When menstruation comes, there are many changes that are felt by a woman's body. Like, changes in mood, to pain in several parts of the body.
Almost every woman will experience dysmenorrhea or menstrual pain. This pain usually occurs in the lower abdomen. This pain is usually mild. However, for some women this pain can interfere with their daily activities. When this pain comes, there are usually several things done to reduce the pain.
Before we discuss how to deal with dysmenorrhea, we will discuss a little about dysmenorrhea or pain that occurs during menstruation.
What is Dysmenorrhea?
Dysmenorrhea or menstrual pain is pain or cramps in the abdomen that appear before or during menstruation. This condition is often a complaint of women. Even though this pain is mild, this pain can hinder their daily activities.
Generally, symptoms of dysmenorrhea appear, such as pain in the lower abdomen, back pain, and a feeling of pulling in the inner thighs. In addition, other symptoms that can appear include headaches, nausea, vomiting, and dizziness.
Dysmenorrhea itself is divided into 2, namely primary and secondary dysmenorrhea:
- Primary Dysmenorrhea
Primary dysmenorrhea is pain that appears before or during menstruation. After that, the pain will disappear along with the end of the menstrual period.
This condition can occur due to an increase in the hormone prostaglandin, where this hormone is produced in the lining of the uterus. Because of this increase in prostaglandins, it finally triggers contractions of the uterus. It is these uterine contractions that eventually cause pain.
- Secondary Dysmenorrhea
In contrast to primary dysmenorrhea, secondary dysmenorrhea is pain that arises due to disorders of the reproductive organs. In this condition, dysmenorrhea sufferers will feel cramps or pain that lasts longer than primary dysmenorrhea.
The pain in secondary dysmenorrhea feels worse as the menstrual period progresses. This pain is still felt even though menstruation is over.
This condition can occur due to pathologies in the reproductive organs. Some of the complaints that occur due to secondary dysmenorrhea are:
- Pelvic Inflammatory Disease (PID)
- Use of intrauterine contraception
- Uterine Polyp
- Adhesions on the inside of the uterus
- Transverse Vaginal Septum
- Allen Masters Syndrome
- Blockage of the cervix
- Pelvic Congestion Syndrome
Relieving Dysmenorrhea Without Medical Assistance
When pain comes during menstruation, usually women will use drugs and herbal drinks to relieve it. But you need to know that there are other ways that you can do without medical help at home to relieve this dysmenorrhea.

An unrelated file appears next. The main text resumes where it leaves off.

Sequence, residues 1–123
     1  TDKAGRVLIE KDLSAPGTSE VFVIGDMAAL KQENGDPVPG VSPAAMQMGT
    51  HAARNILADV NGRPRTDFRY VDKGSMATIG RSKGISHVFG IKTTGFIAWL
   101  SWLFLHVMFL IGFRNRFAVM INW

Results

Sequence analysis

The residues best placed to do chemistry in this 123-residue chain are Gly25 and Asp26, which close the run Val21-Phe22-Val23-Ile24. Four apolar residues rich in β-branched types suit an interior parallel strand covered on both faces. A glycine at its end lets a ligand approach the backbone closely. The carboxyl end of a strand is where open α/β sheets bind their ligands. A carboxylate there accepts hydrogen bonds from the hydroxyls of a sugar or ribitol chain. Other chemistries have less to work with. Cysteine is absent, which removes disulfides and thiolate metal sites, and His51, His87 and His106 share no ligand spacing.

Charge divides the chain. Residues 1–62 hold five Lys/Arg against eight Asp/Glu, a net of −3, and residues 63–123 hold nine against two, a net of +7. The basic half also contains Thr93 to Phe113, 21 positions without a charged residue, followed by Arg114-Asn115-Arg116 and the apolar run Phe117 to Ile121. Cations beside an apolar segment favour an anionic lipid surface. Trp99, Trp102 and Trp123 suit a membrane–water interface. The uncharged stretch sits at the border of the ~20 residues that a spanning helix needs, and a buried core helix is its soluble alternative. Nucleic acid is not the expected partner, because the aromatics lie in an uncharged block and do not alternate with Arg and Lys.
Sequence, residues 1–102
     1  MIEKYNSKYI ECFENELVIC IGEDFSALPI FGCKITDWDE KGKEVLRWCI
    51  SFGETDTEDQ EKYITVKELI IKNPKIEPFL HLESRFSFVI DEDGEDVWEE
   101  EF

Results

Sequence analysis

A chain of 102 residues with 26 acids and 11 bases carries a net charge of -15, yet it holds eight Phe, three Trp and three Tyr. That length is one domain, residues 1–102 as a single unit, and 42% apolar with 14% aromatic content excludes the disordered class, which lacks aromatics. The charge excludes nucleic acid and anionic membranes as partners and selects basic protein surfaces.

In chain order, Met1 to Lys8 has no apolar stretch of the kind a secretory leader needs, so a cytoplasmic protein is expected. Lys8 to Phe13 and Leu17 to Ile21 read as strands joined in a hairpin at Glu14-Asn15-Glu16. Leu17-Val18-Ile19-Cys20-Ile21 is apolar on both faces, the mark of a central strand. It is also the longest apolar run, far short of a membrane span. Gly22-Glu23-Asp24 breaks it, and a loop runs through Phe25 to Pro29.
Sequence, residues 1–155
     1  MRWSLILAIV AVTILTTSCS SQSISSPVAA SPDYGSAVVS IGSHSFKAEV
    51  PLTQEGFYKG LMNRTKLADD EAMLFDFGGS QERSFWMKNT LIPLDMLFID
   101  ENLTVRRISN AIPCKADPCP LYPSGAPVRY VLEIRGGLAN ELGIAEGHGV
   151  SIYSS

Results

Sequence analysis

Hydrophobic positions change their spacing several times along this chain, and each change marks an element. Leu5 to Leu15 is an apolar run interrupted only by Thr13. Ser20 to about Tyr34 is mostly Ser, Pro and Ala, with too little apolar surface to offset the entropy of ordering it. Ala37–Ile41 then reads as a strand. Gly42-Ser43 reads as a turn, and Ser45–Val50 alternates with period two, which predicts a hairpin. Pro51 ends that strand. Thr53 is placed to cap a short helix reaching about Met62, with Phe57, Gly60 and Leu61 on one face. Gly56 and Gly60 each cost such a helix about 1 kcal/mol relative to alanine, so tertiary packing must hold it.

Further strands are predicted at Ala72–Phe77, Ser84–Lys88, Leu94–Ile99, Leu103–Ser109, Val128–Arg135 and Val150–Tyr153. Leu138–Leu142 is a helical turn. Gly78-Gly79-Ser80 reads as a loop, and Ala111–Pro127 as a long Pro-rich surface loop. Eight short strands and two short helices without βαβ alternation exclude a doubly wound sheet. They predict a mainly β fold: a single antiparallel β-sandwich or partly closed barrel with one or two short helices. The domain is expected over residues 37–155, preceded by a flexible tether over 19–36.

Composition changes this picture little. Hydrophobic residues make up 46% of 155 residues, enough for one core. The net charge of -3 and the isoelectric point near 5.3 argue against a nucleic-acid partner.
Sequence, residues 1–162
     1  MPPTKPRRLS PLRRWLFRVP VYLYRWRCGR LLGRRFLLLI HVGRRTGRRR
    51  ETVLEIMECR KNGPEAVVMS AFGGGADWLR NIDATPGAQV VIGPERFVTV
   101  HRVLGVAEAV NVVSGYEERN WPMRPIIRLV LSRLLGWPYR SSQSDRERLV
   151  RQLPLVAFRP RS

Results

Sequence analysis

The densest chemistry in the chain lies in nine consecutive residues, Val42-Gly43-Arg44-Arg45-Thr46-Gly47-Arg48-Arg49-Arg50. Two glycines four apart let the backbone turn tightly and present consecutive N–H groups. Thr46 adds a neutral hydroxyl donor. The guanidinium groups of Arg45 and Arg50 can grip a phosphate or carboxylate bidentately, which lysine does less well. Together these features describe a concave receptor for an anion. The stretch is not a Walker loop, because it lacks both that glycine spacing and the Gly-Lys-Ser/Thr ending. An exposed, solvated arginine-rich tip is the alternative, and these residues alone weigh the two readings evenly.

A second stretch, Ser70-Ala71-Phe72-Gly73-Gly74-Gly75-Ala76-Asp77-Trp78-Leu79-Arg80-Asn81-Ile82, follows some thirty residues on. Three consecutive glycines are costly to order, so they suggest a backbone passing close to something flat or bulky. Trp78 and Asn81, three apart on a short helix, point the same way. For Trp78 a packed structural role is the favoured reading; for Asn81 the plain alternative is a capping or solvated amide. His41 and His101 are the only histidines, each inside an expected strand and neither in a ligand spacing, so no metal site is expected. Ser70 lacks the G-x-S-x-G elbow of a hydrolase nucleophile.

These methods include:
- Compress With Warm Water
This method is quite easy and is often done by dysmenorrhea sufferers. Compressing warm water to the stomach can help relieve pain during menstruation.
The trick, you can fill warm water in a bottle or heating pad. Then stick it on the stomach area. The heat that is delivered to the stomach can relax the muscles and relieve menstrual pain.
Another way you can do this is by gently massaging the area above the stomach. This massage can relax the pelvic muscles and reduce cramps. You can also use lotion or olive oil to make your massage easier and gentler.
- Light exercise
When you experience pain during menstruation, doing light exercise is certainly highly recommended. You can stretch, take a leisurely walk, or do yoga. With this light exercise, it will help release endorphins which are natural hormones for pain relief.
- Essential Oil
Some people may not really care about which oil they use when pain occurs. However, a study published by the National Center for Biotechnology Information compared the use of essential oils with natural oils to relieve menstrual pain.
This research was conducted on two women, where one woman rubbed almond oil, and the other applied essential oils consisting of cinnamon, clove, rose, to lavender.
After applying it, the women who used the essential oil experienced greater relief from menstrual pain compared to the women who used almond oil.
- Changing Diet
The next thing you can do is to change your diet to be healthier. During menstruation, the body needs adequate nutrition.
You can consume foods rich in fiber, such as vegetables, nuts, omega-3, and others. Don't forget to drink enough water to keep your body hydrated.
Pain during menstruation is normal and often occurs in women. However, every woman has a different pain. If you experience mild menstrual pain, you can take the steps above to reduce the pain. However, if the pain persists for a long time, you can consult a doctor to get the right treatment and solution.